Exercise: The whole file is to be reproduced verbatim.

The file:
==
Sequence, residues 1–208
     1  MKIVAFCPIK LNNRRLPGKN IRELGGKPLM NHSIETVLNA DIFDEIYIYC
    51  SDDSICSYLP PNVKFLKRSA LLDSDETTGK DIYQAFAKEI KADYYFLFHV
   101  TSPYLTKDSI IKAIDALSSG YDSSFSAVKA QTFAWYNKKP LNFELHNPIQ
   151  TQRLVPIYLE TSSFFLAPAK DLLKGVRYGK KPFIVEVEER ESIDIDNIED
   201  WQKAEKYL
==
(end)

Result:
Sequence, residues 1–208
     1  MKIVAFCPIK LNNRRLPGKN IRELGGKPLM NHSIETVLNA DIFDEIYIYC
    51  SDDSICSYLP PNVKFLKRSA LLDSDETTGK DIYQAFAKEI KADYYFLFHV
   101  TSPYLTKDSI IKAIDALSSG YDSSFSAVKA QTFAWYNKKP LNFELHNPIQ
   151  TQRLVPIYLE TSSFFLAPAK DLLKGVRYGK KPFIVEVEER ESIDIDNIED
   201  WQKAEKYL